Disaster strikes when you least expect it. However, it’s a different story for natural disasters. Depending on the type of event, some natural disasters allow us time to prepare and lessen its effects on lives and property.
Farmers who have steel buildings as animal facilities (horse stables, barns, etc.) have lesser reasons to worry about since these structures are better prepared to withstand disasters such as hurricanes, floods and wildfires.
In any case, disaster preparedness may not be successful, but there is a greater chance of reducing the ill effects of any unfortunate event by proper planning.
Part of disaster preparedness is to ensure the safety of the animals and the integrity of the structures after the event. The U.S. Department of Agriculture has imparted the following guidelines on what plans to make to lessen the damage and downtime on animal facilities when disasters strike.
Some of these are:
Know Your Priorities. Of course, the safety and protection of your farm animals is your top priority. Aside from them, identify the most expensive and irreplaceable items in the facility that are essential in its operation. If the risk is high, make arrangements for a safe location where the animals and movable inventory can be relocated.
Shutter or board glass windows and doors to prevent them from shattering, which may cause serious injuries to animals during hurricanes. Purchase fire extinguishers if you still don’t have one or if you have the means, install a fire alarm system and sprinklers.
Insurance. Evaluate your insurance coverage at least once a year. Nowadays, floods and storm surges occur even in areas that were not prone to flooding before. Get in touch with the Emergency Management Department and find out if your facility is on the flood plain or storm surge map.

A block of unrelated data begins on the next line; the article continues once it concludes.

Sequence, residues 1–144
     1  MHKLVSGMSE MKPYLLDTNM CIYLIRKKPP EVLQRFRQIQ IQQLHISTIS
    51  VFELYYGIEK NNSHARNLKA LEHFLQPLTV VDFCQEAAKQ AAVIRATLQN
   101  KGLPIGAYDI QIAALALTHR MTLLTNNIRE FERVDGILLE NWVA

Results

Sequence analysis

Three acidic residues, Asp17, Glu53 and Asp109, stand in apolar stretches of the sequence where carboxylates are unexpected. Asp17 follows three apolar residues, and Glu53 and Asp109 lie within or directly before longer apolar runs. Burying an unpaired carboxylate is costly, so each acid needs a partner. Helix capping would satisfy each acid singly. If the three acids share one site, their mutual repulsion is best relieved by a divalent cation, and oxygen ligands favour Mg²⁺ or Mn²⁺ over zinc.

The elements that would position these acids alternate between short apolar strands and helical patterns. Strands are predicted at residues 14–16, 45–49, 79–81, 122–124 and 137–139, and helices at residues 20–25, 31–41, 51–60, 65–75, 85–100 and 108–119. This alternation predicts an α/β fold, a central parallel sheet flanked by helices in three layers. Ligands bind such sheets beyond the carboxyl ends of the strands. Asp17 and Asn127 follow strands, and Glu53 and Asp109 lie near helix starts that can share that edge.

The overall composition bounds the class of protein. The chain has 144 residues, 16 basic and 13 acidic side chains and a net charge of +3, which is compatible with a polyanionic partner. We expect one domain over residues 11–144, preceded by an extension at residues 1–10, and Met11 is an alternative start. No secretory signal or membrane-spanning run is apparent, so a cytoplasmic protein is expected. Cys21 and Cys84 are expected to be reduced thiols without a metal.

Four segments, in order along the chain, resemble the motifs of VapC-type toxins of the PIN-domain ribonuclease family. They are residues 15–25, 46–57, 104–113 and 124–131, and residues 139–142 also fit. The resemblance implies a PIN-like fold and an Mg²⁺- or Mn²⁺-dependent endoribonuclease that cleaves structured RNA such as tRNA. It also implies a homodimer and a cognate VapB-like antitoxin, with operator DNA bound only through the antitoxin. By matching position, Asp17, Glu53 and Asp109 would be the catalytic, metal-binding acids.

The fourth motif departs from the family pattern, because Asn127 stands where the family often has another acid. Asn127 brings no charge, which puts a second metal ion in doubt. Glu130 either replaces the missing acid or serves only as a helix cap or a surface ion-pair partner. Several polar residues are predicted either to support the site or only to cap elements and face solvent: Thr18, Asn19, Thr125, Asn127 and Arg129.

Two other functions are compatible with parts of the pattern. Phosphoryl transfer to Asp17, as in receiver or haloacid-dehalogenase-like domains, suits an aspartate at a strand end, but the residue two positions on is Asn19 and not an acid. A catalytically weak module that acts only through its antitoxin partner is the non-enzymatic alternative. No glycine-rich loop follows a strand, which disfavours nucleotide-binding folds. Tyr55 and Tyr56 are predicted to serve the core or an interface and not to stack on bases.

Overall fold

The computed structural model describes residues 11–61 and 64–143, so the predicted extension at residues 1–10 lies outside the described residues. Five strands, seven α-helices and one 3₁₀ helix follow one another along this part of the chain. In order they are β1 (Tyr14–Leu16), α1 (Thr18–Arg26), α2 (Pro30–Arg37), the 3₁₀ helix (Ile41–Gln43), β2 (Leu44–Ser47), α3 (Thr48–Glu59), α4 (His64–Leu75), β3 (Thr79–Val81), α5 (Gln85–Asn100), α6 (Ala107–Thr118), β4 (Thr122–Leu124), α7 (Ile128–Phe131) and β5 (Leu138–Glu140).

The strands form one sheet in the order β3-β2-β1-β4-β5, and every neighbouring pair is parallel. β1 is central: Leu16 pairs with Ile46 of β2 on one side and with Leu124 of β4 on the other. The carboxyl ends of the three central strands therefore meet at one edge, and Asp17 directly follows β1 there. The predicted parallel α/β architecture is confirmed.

Steel buildings are known to be fire-resistant and non-combustible. For this reason, their insurance premiums are lower. Compared to wood-based structures, there is a greater chance of containing the fire in steel buildings since steel is inherently fire resistant. However, for structural stability, a form of fire protection can be applied to the material to insulate it from the effects of high temperatures.
Evaluate Your Animal Facility. Based on the location of the facility, assess the potential disasters in your area. How vulnerable is it to floods, storm surges, wildfires, power outages, earthquakes or exposure to hazardous materials? Also, know the state of your animal facility. Are there dangers posed by the actual structure?
Do the doors and windows have hurricane shutters? Is the roof secure? Check also the electrical wiring for overloading and exposed wires. Get rid of trees and underbrush surrounding the facility.
With steel buildings, there is a better chance for protection for your farm animals.
Properly designed and correctly assembled steel buildings have the ability to stand up to unfavourable weather conditions such as floods, high winds, heavy snow and earthquakes.